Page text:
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Summary:

Roughly five months since Amazon (NSDQ: AMZN) promised library lending that would work for Kindle, the service is live at more than 11,000 U…

Amazon Kindle 3
photo: Amazon

Roughly five months since Amazon (NSDQ: AMZN) promised library lending that would work for Kindle, the service is live at more than 11,000 U.S. libraries covering “millions” of Kindle and Kindle app customers. The launch follows reports of beta testing in two Seattle libraries and finally puts Kindle in the league of Sony (NYSE: SNE) and other e-readers that allow temporary access to DRM-protected e-books.

The new service is powered by OverDrive. Amazon has prepped a support area to explain it but here’s the gist: Kindle owners, Cloud Reader, and app users should be able to log into their participating library’s web site, select a book available for Kindle, and after logging into their Amazon account, send the book to the appropriate device.

The Kindle library service has been on the cards since it emerged that Amazon was working with OverDrive back in April. OverDrive is the leading e-book distributor for libraries and already had deals in place to support other devices like Barnes & Noble’s Nook and the Sony Reader.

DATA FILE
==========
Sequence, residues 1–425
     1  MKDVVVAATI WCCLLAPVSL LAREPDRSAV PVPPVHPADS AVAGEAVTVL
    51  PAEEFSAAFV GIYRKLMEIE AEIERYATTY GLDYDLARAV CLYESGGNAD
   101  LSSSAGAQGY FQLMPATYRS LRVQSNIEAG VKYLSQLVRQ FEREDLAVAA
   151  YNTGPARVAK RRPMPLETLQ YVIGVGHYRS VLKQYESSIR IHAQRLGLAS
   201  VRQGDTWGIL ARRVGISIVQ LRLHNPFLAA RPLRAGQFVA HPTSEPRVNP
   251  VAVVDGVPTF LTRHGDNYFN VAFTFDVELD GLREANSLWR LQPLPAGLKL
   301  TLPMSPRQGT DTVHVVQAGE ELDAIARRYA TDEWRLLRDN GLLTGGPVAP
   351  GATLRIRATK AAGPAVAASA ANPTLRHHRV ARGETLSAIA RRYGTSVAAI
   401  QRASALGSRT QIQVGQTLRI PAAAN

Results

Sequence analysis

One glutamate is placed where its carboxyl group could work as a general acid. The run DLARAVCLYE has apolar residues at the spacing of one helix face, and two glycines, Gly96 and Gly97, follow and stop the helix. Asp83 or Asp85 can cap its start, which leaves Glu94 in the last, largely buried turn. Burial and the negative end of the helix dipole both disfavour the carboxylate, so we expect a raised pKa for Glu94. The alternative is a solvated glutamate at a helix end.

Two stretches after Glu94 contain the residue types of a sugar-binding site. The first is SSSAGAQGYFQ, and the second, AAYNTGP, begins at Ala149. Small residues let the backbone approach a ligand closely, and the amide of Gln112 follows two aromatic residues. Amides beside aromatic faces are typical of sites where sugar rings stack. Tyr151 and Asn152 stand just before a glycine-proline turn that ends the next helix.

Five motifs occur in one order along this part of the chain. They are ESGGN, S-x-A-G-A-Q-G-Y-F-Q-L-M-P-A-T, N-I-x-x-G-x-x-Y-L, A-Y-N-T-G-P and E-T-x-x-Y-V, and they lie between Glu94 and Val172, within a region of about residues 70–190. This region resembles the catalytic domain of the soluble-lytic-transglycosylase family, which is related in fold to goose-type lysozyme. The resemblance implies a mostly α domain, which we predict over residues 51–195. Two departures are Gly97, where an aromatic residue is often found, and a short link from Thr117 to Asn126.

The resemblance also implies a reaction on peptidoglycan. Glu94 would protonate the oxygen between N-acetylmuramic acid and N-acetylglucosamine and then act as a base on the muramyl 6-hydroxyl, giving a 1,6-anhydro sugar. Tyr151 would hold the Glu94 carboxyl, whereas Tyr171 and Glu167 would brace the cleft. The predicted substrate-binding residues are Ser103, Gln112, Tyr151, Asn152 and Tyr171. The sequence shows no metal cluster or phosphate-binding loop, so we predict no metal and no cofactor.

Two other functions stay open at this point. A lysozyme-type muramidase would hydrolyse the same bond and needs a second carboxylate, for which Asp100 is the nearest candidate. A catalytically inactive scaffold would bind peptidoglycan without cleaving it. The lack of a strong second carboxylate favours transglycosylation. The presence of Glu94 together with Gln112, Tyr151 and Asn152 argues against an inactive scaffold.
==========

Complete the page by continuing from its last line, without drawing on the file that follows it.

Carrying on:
Separately, Amazon is also reported to be talking to book publishers about a book rental plan that would be bundled into Amazon Prime subscriptions.

The new Kindle library service includes some of the key features users expect from Amazon. Whispersync has been extended to the library versions, which means notes, bookmarks and highlights will be backed up and would be available for the next check out — or if the user buys the book. (It’s not clear if the notes and highlights remain accessible after the book is returned.) Users also can share passages by Twitter and Facebook.

While the new service could cut into Amazon’s e-book sales, giving users access to books that don’t require an investment should boost device sales and give app use a kick. It also will provide another selling point for that Amazon Kindle tablet we’re expecting later this fall.

Unfortunately, despite the announcement that the service has launched, the Municipal Library Consortium site that includes my local library still has a Kindle “coming soon” sign — not access to books.

Update: Not so fast. Kindle tells paidContent OverDrive’s full roll out will take a couple of days. No sense of how many libraries already have access. Let us know if your service is live and how you like the experience of checking out e-books from the library.

  1. Yes, my wife uses it quite a bit for one of her book clubs … but via the Kindle app on her Nook Color. This is a good way to merge the value of libraries with technological innovation.

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  2. It is live for New York Public Libraries (NYPL).

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  3. Selection is limited but it’s live @ Los Angeles Public (LAPL) and VERY simple to check out

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